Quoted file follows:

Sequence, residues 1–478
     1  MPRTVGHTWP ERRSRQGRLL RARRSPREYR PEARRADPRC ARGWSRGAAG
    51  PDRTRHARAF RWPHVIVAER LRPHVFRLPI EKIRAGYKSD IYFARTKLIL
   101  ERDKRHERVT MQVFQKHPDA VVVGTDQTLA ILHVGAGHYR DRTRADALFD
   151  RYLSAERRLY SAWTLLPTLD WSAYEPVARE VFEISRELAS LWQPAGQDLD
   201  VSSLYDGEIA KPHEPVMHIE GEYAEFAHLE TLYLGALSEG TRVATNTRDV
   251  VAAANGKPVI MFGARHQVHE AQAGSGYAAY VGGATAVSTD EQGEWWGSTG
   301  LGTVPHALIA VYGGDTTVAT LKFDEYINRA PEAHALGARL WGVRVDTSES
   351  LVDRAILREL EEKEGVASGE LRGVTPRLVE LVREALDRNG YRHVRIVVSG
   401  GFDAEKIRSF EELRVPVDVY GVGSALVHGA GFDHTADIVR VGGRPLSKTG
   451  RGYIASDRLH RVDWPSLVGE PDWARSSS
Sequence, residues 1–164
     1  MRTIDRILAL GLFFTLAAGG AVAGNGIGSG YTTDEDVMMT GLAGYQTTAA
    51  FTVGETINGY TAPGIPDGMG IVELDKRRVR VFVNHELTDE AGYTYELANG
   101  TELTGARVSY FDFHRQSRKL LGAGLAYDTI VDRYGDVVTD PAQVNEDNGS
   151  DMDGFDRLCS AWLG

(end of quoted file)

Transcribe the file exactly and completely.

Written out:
Sequence, residues 1–478
     1  MPRTVGHTWP ERRSRQGRLL RARRSPREYR PEARRADPRC ARGWSRGAAG
    51  PDRTRHARAF RWPHVIVAER LRPHVFRLPI EKIRAGYKSD IYFARTKLIL
   101  ERDKRHERVT MQVFQKHPDA VVVGTDQTLA ILHVGAGHYR DRTRADALFD
   151  RYLSAERRLY SAWTLLPTLD WSAYEPVARE VFEISRELAS LWQPAGQDLD
   201  VSSLYDGEIA KPHEPVMHIE GEYAEFAHLE TLYLGALSEG TRVATNTRDV
   251  VAAANGKPVI MFGARHQVHE AQAGSGYAAY VGGATAVSTD EQGEWWGSTG
   301  LGTVPHALIA VYGGDTTVAT LKFDEYINRA PEAHALGARL WGVRVDTSES
   351  LVDRAILREL EEKEGVASGE LRGVTPRLVE LVREALDRNG YRHVRIVVSG
   401  GFDAEKIRSF EELRVPVDVY GVGSALVHGA GFDHTADIVR VGGRPLSKTG
   451  RGYIASDRLH RVDWPSLVGE PDWARSSS
Sequence, residues 1–164
     1  MRTIDRILAL GLFFTLAAGG AVAGNGIGSG YTTDEDVMMT GLAGYQTTAA
    51  FTVGETINGY TAPGIPDGMG IVELDKRRVR VFVNHELTDE AGYTYELANG
   101  TELTGARVSY FDFHRQSRKL LGAGLAYDTI VDRYGDVVTD PAQVNEDNGS
   151  DMDGFDRLCS AWLG